Colorado Housing and Finance Authority is closing in on a record in helping low-income homeowners

2 min. read
Affordable housing units in Stapleton, May 22, 2018. (Kevin J. Beaty/Denverite) denver; colorado; residential real estate; affordable housing; stapleton;

The Colorado Housing and Finance Authority is on its way to a record year of helping low-income families buy homes.

The public enterprise buys and then services loans arranged by its network of more than 100 banks and savings and loans. It has already invested more than $1 billion in that business so far this year, almost double the figure at this point last year.

"Last year was a record year for us and we're exceeding that this year," Dan McMahon, CHFA's home finance director, said Friday

The total last year was just over $2 billion.

Over 90 percent of the buyers also receive downpayment assistance from CHFA.

McMahon said high rents were leading some households to consider buying and others were feeling pressure to buy before sales prices rose up even further.

The number of households served by CHFA's homebuyer program has increased from 3,462 in 2014 to 8,355 in 2018.

CHFA also distributes state and federal tax credits on a competitive basis. State legislators this past session voted to double the annual aggregate cap from $5 million to $10 million that it can distribute in state low-income housing tax credits beginning next year through 2024. Developers who are awarded credits sell them to investors for cash they then use to build.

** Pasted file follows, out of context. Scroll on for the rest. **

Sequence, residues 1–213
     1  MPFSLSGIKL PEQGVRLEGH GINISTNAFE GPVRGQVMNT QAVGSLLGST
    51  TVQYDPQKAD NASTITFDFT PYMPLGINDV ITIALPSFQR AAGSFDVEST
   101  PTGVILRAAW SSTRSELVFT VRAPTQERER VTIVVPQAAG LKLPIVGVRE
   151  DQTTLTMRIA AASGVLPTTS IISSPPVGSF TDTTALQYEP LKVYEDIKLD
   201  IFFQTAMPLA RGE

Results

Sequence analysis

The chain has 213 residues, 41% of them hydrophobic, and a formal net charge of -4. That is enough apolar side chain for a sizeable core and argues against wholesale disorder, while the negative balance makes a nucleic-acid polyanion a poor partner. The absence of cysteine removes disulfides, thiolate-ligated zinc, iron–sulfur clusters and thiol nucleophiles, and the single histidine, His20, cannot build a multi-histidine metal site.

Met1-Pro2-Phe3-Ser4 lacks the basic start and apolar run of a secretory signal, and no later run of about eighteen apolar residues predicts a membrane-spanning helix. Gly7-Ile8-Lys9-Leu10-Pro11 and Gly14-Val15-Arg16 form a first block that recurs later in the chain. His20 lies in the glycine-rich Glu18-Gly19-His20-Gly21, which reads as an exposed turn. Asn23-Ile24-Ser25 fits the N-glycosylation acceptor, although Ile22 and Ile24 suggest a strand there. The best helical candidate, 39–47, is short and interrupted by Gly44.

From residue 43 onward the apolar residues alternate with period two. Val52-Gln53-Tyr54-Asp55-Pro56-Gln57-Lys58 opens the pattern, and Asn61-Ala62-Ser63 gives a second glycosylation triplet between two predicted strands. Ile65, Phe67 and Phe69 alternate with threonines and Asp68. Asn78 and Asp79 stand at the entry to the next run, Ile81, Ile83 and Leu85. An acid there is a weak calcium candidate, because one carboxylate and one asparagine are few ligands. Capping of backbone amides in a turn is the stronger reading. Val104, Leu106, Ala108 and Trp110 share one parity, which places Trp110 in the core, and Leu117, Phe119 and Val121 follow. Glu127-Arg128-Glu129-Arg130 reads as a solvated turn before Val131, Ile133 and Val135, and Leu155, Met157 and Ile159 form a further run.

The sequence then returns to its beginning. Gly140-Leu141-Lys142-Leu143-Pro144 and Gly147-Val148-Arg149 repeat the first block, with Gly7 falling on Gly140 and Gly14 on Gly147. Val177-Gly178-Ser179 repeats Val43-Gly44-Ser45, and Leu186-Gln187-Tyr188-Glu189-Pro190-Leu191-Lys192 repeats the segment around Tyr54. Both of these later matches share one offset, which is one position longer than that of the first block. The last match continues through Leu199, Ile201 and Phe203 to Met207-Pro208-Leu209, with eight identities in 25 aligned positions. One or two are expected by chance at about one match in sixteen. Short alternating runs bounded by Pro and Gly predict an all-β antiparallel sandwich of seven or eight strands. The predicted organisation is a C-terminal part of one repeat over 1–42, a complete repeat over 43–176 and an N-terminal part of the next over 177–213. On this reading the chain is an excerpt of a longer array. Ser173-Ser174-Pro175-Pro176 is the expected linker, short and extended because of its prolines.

Other measures lawmakers adopted this past session bolster the state's Housing Development Grant Fund, to which developers can apply on a competitive basis for money to acquire, rehabilitate and construct affordable housing projects. One measure capped the amount of sale tax money retailers can keep to cover administrative costs, bringing in about $23 million this fiscal year and about $48 million in the next to the Housing Development Grant Fund. At least a third of the new revenue has been earmarked for projects for households earning no more than 30 percent of the area median income.

Another measure takes money from the treasurer's unclaimed property trust fund for housing grants to the tune of up to $30 million from fiscal year 2020-21 through 2022-23.

Jerilynn Martinez, CHFA's director of marketing and community relations, said similar proposals had been made and did not succeed in past years.

"This session, several of them did," she said, adding CHFA applauded leadership on housing in the General Assembly.

Recent Stories